#7 Unwelcome Intrusions

One thing that all our characters and we, as well, always want to keep, is the status quo. But you have to rock the boat. Make the character(s) uncomfortable. One way to do that is to have an intrusion: In-laws staying for a week…or in the case of Everybody Loves Raymond they’re there all the time. All In the Family used intrusions beautifully. Other intrusions may be a workman in the house or a surprise birthday that’s on the wrong day. Anything that messes up the day to day experience of our characters’ lives can be used. Monica (Friends) being forced not to be “a neat freak” to impress a new love interest is a type of intrusion.

#8 Mistaken Assumptions

Mistaken Assumption is effectively used on shows with strong ensemble casts like Three’s Company, Just Shoot Me and Friends. The fun of using this theme is that the audience is in on the joke and the other character(s) are clueless. A relative is taken for a family doctor or a married couple at a cocktail party is introduced to each other and pretending that they’ve never met before. They then proceed to make out in front of other partygoers.

#9 Workplace Antagonism

Hospitals (Scrubs), schools (Welcome Back Kotter), and offices (Just Shoot Me, Barney Miller, and Taxi) provide humorous settings for conflict. The closer people are thrown together…the more the humor will emerge from the tight situation. Example: Some character will always think he’s “due” a promotion—and will do everything he can to anger his co-workers to get it. Been there—don’t that, right? (Yawn.) One twist is for the character to NOT want the promotion. In fact, he does everything he can to undermine his boss… and so he fails, while at the same time upsetting the other characters, who expect that he’s “up to something.”

#10 Family Aggression

Now you know why Everybody Loves Raymond is a hit — wives, children, married children, and in-laws. Everybody is in their comfort zone while entering somebody else’s. Conflict, conflict, and more conflict. Somebody has to be the fall guy in plot, which is the basis of this program. Robert and Ray are the victims in Everybody Loves Raymond. Other victims are Jim Belushi in The World According to Jim and George in The George Lopez Show. In fact, in most family sitcoms it’s the male that usually screws up. (Why? Because in life that’s what we do!)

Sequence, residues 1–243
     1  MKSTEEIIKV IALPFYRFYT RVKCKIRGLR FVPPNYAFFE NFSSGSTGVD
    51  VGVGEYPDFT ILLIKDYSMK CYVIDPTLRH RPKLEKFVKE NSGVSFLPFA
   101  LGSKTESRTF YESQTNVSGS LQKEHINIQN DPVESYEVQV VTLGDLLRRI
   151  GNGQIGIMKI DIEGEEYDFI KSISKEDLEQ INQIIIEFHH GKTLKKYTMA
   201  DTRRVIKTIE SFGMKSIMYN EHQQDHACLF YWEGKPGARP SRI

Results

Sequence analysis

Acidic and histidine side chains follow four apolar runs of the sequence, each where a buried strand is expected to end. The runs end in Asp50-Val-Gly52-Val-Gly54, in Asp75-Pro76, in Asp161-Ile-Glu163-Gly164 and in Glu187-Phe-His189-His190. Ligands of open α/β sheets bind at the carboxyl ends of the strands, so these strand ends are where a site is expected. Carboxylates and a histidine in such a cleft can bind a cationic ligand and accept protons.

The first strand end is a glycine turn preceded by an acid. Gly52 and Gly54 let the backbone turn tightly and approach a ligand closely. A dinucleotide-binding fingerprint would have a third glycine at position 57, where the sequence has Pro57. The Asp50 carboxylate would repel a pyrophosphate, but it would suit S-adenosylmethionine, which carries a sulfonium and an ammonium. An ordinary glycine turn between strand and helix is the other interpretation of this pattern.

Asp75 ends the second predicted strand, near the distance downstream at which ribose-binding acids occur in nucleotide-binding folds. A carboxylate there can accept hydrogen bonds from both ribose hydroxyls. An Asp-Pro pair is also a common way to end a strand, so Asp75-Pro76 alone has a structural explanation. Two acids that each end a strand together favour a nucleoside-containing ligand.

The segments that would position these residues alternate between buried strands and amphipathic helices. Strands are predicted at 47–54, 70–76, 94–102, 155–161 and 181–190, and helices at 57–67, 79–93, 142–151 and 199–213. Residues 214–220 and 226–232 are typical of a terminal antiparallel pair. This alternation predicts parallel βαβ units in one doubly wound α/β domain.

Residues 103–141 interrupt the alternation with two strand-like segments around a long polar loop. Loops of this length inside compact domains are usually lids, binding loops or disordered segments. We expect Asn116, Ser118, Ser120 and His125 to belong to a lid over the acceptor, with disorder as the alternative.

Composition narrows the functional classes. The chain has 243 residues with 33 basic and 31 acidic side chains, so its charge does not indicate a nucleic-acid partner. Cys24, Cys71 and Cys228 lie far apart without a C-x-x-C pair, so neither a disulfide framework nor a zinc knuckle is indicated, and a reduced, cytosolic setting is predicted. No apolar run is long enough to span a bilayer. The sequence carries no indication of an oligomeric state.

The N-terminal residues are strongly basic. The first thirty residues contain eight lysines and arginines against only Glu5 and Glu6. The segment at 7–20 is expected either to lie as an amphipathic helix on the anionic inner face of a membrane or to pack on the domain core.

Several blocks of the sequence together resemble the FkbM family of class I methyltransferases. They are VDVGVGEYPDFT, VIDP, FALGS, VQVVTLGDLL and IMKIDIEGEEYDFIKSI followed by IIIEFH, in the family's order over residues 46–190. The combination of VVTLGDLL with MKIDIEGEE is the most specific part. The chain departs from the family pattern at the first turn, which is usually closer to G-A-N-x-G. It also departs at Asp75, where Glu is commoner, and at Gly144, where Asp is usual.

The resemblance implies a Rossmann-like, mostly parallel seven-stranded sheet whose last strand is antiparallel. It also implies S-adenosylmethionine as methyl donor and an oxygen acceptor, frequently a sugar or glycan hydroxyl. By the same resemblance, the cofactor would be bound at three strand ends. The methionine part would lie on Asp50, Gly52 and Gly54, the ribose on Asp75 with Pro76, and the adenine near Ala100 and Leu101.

Laugher is contagious and nothing is more contagiously funny than when you use the every day foibles of jealousy, prejudice, miscommunication and even death. If anything outrageous happens in your own family, use it in your script. Use real life situations and heighten the reality for maximum results.

Remember: There are no hard and fast rules. Mix and match. Take themes that might be an A plot and use it as a B plot, instead. (and vice-a-versa.) If a show is heavy with family problems…then use “mistaken assumption.” Always keep the reader (of your script) guessing. Surprise them. Make your script a page turner…and never, ever telegraph where your story is heading.

Peter J. Fogel is a NY based humorist/speaker/author and a proud WGA member of the elite Warner Bros. Comedy Workshop (1999). He’s written on Columbia Tri-Star’s internationally acclaimed German sitcom Rita’s World and his other credits include working in production on such shows as Married With Children, Men Behaving Badly, Unhappily Ever After, Whoopi, and Hope and Faith (to name just a few). He’s also the author of the soon-to-be-released book: If Not Now…Then When? Stories and Strategies of People Over 40 Who Have Successfully Reinvented Themselves.